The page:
UGA Theatre presents Equus by Peter Shaffer on Nov. 2–3 and 7–9 at 8 p.m. and Nov. 4 and 11 at 2:30 p.m. at the Fine Arts Theatre in the Fine Arts Building.
Tickets are $16 or $12 for UGA students. Tickets can be purchased online at www.ugatheatre.com/equus, via phone at 706-542-4400 or in person at the Performing Arts Center or Tate Center box offices.
Equus tells the story of Alan Strang, a 17-year-old boy charged with violently blinding six horses in a seemingly unprovoked fit of rage. Strang is submitted to an extended psychiatric evaluation at the hands of Martin Dysart in an effort to discover why a well-adjusted young man would commit such an abhorrent act of violence. Through their sessions, Dysart grows increasingly envious of the passion that drove Strang to his horrific act and develops deep misgivings about the cost of his soul-deadening “cure.”
Equus was based in part on a news story encountered by Shaffer that involved a boy blinding multiple horses near Suffolk in England. Shaffer used this real-life incident as a springboard to explore what director Ray Paolino refers to as the “ritualistic roots” of theater. Equus holds a unique sentimentality for Paolino, who saw the play on Broadway in 1974 as a young man.
“Shaffer created a world of limitless possibilities on stage. Equus poses ancient, yet essential, questions that we all face: What is our purpose? Can we ever know another person? Is there a god?” said Paolino. “I believe these questions are the reason this show has remained relevant for so long.”
With an ethereal narrative that juxtaposes reality with memory, the action of the play is somewhat dream-like—a quality that informs UGA Theatre’s production in all of its various design elements.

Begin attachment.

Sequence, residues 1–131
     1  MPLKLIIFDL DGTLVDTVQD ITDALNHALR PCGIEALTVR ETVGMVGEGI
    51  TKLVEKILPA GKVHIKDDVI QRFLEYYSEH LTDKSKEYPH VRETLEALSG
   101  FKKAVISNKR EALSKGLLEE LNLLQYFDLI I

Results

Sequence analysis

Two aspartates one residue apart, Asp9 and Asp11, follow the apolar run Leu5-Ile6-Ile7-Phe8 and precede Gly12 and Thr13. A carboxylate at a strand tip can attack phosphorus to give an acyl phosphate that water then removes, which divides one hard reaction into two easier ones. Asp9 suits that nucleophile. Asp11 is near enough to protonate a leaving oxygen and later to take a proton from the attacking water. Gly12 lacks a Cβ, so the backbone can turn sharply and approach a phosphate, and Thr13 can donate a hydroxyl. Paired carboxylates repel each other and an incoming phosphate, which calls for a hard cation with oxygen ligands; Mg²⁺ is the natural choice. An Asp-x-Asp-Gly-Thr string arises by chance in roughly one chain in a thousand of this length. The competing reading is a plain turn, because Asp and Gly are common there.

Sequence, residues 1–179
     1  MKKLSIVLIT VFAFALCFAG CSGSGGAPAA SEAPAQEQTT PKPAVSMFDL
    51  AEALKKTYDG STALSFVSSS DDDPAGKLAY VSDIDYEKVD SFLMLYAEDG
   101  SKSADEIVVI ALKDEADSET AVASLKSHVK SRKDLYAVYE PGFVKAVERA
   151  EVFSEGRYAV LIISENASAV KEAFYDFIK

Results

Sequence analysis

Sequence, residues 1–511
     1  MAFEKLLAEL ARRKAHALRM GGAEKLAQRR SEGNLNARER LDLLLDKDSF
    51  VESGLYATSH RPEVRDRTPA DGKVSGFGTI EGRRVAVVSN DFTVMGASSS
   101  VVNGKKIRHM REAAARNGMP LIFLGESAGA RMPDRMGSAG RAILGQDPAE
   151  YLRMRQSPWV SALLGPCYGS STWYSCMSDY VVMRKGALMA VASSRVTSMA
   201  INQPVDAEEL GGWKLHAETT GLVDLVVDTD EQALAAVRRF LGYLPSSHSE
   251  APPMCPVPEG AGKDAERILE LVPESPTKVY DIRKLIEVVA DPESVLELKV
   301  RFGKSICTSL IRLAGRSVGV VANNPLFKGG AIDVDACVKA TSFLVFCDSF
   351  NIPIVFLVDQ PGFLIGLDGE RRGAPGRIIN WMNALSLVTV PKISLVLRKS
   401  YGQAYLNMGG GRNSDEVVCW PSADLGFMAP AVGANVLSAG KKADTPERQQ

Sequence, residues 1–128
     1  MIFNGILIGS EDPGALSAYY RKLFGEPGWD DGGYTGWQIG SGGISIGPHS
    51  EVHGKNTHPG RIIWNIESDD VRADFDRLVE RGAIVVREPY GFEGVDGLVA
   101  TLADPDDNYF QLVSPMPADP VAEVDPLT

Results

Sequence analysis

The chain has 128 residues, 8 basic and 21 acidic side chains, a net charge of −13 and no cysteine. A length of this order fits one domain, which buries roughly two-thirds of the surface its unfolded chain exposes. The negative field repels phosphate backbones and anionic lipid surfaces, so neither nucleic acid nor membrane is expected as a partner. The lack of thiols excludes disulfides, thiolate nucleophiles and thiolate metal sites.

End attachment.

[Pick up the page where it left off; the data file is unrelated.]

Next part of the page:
For costume designer Kelsey Albright, the show’s journey through the minds of its characters lends itself to an expressionistic design.
“Equus pulls the audience out of the real world and into Dysart’s troubled mind and reflects his interpretation of events, which are more like heightened memories than reliable accounts of the play’s narrative,” said Albright.
Sound designer John Gibbs sees the dichotomy of repression and passion as equally vital to Equus, especially with respect to the role religion plays in the show.
“Whereas codified religions (in this case, the traditional Church of England) represent a repressive presence, a more primitive spirituality, filled with pain and suffering but alive to intense feeling, is trying to burst through,” said Gibbs.
M.F.A. candidate Liz Gubler’s scenic design echoes this sentiment by using “daunting sleek Gothic arches and a stone altar to evoke a feeling of dreadful, God-like power.”
UGA Theatre’s production of Equus is a featured event of the University of Georgia’s Spotlight on the Arts, a festival highlighting the work of students and faculty involved in the arts at UGA.
“Equus is the perfect vehicle to showcase the department of theatre and film studies during the Spotlight event,” said David Saltz, head of the theatre and film studies department. “It’s a towering work of unbridled theatricality that is psychologically astute, philosophically penetrating and physically demanding. It’s one of the most ambitious plays of the modern era, and I think our production lives up to that ambition in direction, acting and design without question.”